- As the dust begins to settle on the violence that has engulfed South Africa over the past week, security experts say instigators have largely failed in their efforts to bring South Africa to its knees.
- According to experts, what started off as collective violence spiraled into collective opportunism as instigators lost control of the situation.
- Judging from locations that had been hit by the violence, it is clear many communities did not heed the call to violence.
If the violence that has engulfed South Africa over the past week following former President Jacob Zuma's arrest was a coup attempt, it was so weakly organised that instigators are walking away with egg on their faces, according to independent security expert Jasmine Opperman.
What started with blocking key highways and the burning of critical infrastructure last week - following a tense standoff between Zuma's supporters and law enforcement ahead of his arrest - had turned into something else entirely. It is clear instigators of the violence have lost control of the situation, Opperman said.
They did not expect the resilience of South Africans, many of whom resisted the call to mobilise. Calls to violence were quashed almost immediately, according to Lizette Lancaster, manager for the Crime and Justice Information Hub at the Institute for Security Studies (ISS).
On Friday, during his visit to the devastated Bridge City Mall in KwaMashu, President Cyril Ramaphosa vowed to go after these instigators, News24 reported.
"Our intelligence services and police now have a line of sight as to what was happening in terms of the instigation, coordination and planning… We are going after those people. We have identified a good number of them. We will not allow anarchy and mayhem to unfold," he said, calling the sustained attacks on crucial infrastructure "economic sabotage".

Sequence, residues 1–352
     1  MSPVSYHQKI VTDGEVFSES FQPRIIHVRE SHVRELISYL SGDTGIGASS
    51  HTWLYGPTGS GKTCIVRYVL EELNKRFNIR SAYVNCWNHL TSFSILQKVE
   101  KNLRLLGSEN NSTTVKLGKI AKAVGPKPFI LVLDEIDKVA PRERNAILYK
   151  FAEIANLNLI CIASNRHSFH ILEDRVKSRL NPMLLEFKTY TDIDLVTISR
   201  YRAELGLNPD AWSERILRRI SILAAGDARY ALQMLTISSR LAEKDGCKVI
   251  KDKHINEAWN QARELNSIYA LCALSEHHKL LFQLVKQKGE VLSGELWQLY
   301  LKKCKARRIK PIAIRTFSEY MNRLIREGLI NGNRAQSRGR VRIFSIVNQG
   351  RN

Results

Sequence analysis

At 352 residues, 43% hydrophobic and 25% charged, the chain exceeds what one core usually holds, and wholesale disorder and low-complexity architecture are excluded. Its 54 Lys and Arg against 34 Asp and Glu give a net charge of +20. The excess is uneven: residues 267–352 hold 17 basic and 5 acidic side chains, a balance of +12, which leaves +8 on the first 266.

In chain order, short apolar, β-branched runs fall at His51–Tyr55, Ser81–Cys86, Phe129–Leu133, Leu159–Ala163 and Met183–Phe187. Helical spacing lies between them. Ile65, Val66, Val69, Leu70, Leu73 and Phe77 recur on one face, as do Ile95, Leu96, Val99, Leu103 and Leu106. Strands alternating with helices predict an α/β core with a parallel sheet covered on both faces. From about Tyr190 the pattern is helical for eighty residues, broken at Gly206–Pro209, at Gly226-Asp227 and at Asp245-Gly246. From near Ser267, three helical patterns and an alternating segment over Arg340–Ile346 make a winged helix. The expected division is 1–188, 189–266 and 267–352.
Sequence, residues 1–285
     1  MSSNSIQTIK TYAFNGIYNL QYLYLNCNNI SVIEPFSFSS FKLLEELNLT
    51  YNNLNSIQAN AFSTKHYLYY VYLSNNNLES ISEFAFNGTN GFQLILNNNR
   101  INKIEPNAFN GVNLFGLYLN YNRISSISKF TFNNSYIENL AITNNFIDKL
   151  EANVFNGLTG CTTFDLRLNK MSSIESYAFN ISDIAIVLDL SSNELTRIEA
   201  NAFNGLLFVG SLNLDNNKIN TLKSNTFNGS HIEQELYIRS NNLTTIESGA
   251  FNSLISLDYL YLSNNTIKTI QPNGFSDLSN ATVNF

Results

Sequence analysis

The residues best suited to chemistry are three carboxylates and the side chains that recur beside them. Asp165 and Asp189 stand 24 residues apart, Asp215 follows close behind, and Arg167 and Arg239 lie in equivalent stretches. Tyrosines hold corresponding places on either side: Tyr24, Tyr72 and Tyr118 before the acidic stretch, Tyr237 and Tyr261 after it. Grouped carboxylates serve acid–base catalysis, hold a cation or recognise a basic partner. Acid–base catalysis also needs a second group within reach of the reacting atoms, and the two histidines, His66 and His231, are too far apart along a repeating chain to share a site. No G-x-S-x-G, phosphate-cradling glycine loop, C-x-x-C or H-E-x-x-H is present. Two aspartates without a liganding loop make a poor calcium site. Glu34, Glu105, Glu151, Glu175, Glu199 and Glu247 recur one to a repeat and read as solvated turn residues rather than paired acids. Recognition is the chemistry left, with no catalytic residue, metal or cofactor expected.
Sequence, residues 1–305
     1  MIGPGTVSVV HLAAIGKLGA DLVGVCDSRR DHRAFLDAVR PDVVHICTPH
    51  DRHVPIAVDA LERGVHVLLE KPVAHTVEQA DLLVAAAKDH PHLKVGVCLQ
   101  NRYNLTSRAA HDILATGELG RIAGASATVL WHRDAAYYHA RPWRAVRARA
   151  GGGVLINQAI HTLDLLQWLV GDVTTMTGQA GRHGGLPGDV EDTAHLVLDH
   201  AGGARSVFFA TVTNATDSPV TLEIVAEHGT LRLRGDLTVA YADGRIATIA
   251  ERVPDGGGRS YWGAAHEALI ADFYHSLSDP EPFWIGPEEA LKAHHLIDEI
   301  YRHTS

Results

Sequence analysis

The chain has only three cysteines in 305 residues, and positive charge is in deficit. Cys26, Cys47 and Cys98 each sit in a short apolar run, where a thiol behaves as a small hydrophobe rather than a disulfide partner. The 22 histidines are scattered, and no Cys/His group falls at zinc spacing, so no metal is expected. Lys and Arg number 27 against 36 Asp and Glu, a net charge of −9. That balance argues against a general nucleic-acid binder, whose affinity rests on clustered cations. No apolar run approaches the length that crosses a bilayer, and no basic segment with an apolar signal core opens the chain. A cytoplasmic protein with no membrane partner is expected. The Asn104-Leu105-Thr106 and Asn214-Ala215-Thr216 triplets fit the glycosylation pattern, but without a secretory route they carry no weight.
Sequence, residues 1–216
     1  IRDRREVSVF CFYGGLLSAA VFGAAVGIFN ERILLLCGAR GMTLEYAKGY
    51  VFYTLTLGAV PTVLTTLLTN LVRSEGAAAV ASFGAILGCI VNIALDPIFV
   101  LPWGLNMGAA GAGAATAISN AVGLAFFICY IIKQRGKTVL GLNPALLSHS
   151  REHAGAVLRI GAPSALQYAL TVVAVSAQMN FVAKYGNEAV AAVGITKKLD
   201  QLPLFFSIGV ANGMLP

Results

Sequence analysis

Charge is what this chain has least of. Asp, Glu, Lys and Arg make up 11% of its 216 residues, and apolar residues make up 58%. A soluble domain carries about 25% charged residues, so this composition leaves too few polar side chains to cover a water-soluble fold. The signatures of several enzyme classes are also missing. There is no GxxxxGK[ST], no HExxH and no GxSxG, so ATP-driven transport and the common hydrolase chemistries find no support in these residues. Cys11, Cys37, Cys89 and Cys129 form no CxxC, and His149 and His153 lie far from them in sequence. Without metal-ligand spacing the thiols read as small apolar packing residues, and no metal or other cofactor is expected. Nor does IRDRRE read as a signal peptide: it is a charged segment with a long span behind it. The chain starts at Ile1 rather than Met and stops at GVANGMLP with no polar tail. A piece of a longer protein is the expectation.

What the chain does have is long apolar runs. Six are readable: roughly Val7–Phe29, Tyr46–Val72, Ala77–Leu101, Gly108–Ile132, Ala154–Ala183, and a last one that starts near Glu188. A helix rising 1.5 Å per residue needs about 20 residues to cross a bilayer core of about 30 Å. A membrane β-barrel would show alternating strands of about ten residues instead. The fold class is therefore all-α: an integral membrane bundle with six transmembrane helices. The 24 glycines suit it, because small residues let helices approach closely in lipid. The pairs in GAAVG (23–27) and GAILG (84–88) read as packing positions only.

Losing their grip
Instigators initially relied on collective violence in the hopes that they could control and manage the direction of the riots to violently object to Zuma's arrest. But it is now clear amid the settling dust of the unrest, they have lost their grip on the situation, which had deteriorated into collective opportunism, according to Opperman.
A clear target and some level of control by those who used a pro-Zuma message for their benefit has since changed. The group who instigated the violence now have limited say and cannot provide sufficient direction to move the unrest forward, Opperman said.
"They are not as in control, beyond KwaZulu-Natal, as they would like to portray, and might have experience in how to create ungovernability, but they lack the ability and capacity to take this to a level where it expands nationally and where it fosters support for them at that level," Opperman said.
"In general, they actually became the victims of their own strategy."
Opperman noted that these instigators had used a strategy that allows them to refrain from confronting government directly – a contrast to previous social unrest related to local government. This allowed them to, "... build a veil to protect themselves", from exposure.
"For them, we are going back to the 1970s and 1980s – a clear reliance on a strategy that is familiar in which the local communities can be inspired and will be able to respond, and also in the hope that these communities will create shadow structures that will support their goal."